# The Unapologetic Mathematician

## Positive-Definite Transformations

We’ll stick with the background vector space $V$ with inner product $\langle\underline{\hphantom{X}},\underline{\hphantom{X}}\rangle$. If we want another inner product to actually work with, we need to pick out a bilinear form (or sesquilinear, over $\mathbb{C}$. So this means we need a transformation to stick between bras and kets.

Now, for our new bilinear form to be an inner product it must be symmetric (or conjugate-symmetric). This is satisfied by picking our transformation to be symmetric (or hermitian). But we also need our form to be “positive-definite”. That is, we need $\displaystyle\langle v\rvert B\lvert v\rangle\geq0$

for all vectors $v\in V$, and for equality to obtain only when $v=0$.

So let’s look at this condition on its own, first over $\mathbb{R}$. If $A$ is antisymmetric, then we see $\langle v\rvert A\lvert v\rangle=-\langle v\rvert A\lvert v\rangle$ by taking the adjoint, and thus $A$ must be zero. But an arbitrary transformation $B$ can be split into a symmetric part $S=\frac{1}{2}\left(B+B^*\right)$ and an antisymmetric part $A=\frac{1}{2}\left(B-B^*\right)$. It’s easy to check that $S+A=B$. So the antisymmetric part of $B$ must be trivial, and the concept of being “positive-definite” only makes real sense for symmetric transformations.

What happens over $\mathbb{C}$? Now we want to interpret the positivity condition as saying that $\langle v\rvert B\lvert v\rangle$ is first and foremost a real number. Then, taking adjoints we see that $\langle v\rvert B^*\lvert v\rangle=\langle v\rvert B\lvert v\rangle$. Thus the transformation $B-B^*$ must always give zero when we feed it two copies of the same vector.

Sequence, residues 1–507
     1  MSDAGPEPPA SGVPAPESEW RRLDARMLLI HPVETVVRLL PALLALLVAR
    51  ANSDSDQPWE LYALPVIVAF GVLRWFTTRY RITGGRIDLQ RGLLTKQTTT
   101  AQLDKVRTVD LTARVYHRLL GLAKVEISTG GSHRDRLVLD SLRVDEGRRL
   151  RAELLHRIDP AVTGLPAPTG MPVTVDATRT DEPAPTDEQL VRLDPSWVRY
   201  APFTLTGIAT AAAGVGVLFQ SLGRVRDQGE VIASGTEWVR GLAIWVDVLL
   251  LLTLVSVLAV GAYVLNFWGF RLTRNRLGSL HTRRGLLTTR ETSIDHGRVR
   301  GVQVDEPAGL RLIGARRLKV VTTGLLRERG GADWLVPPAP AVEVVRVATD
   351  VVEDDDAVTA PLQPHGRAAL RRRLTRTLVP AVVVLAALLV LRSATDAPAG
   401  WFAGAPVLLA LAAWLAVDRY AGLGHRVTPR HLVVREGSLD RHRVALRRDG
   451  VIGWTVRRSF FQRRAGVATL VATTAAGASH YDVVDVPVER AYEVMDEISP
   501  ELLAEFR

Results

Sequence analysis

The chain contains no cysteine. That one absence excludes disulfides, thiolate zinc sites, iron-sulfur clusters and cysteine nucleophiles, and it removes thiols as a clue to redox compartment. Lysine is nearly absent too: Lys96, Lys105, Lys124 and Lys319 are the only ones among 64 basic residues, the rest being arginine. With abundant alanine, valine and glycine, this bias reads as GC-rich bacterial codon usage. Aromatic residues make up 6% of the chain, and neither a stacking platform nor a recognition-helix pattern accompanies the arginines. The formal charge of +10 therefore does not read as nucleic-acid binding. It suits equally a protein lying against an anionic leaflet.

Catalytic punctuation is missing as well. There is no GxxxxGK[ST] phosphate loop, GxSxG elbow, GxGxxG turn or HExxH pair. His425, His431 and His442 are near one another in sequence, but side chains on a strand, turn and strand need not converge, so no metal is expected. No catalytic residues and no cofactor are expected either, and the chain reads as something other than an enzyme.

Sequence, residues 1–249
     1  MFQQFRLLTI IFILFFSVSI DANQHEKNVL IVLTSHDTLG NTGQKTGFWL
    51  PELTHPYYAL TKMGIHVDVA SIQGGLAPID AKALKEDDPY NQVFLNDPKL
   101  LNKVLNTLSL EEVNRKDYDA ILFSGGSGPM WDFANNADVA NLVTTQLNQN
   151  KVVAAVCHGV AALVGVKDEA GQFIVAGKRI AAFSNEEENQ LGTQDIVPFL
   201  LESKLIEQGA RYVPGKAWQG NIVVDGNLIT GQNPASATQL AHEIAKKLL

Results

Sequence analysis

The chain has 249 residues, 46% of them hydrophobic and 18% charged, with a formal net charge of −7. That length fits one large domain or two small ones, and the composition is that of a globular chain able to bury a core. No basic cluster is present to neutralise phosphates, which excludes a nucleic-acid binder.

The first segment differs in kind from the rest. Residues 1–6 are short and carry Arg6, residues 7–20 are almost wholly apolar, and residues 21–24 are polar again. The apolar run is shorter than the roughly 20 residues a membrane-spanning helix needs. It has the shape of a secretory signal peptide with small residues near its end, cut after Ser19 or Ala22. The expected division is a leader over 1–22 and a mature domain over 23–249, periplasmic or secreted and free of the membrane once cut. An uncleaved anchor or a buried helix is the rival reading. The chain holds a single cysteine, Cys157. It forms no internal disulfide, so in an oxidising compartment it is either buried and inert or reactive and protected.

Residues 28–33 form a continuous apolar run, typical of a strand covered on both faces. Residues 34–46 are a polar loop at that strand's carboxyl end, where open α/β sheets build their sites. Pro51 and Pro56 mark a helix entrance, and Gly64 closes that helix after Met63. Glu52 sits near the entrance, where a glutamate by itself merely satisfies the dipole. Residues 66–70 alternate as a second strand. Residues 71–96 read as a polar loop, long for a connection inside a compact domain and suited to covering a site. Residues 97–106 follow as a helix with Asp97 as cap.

But now we have the polarization identities to work with! The real and imaginary parts of $\langle v\rvert B-B^*\lvert w\rangle$ are completely determined in terms of expressions like $\langle u\rvert B-B^*\lvert u\rangle$. But since these are always zero, so is the rest of the form. And thus we conclude that $B=B^*$. That is, positive-definiteness only really makes sense for Hermitian transformations.

Actually, this all sort of makes sense. Self-adjoint transformations (symmetric or Hermitian) are analogous to the real numbers sitting inside the complex numbers. Within these, positive-definite matrices are sort of like the positive real numbers. It doesn’t make sense to talk about “positive” complex numbers, and it doesn’t make sense to talk about “positive-definite” transformations in general.

Now, there are three variations that I should also mention. The most obvious one is for a transformation to be “negative-definite”. In this case, we have $\langle v\rvert H\lvert v\rangle\leq0$, with equality only for $v=0$. We can also have transformations which are “positive-semidefinite” and “negative-semidefinite”. These are just the same as the definite versions, except we don’t require that equality only obtain for $v=0$.

July 13, 2009 Posted by | Algebra, Linear Algebra | 9 Comments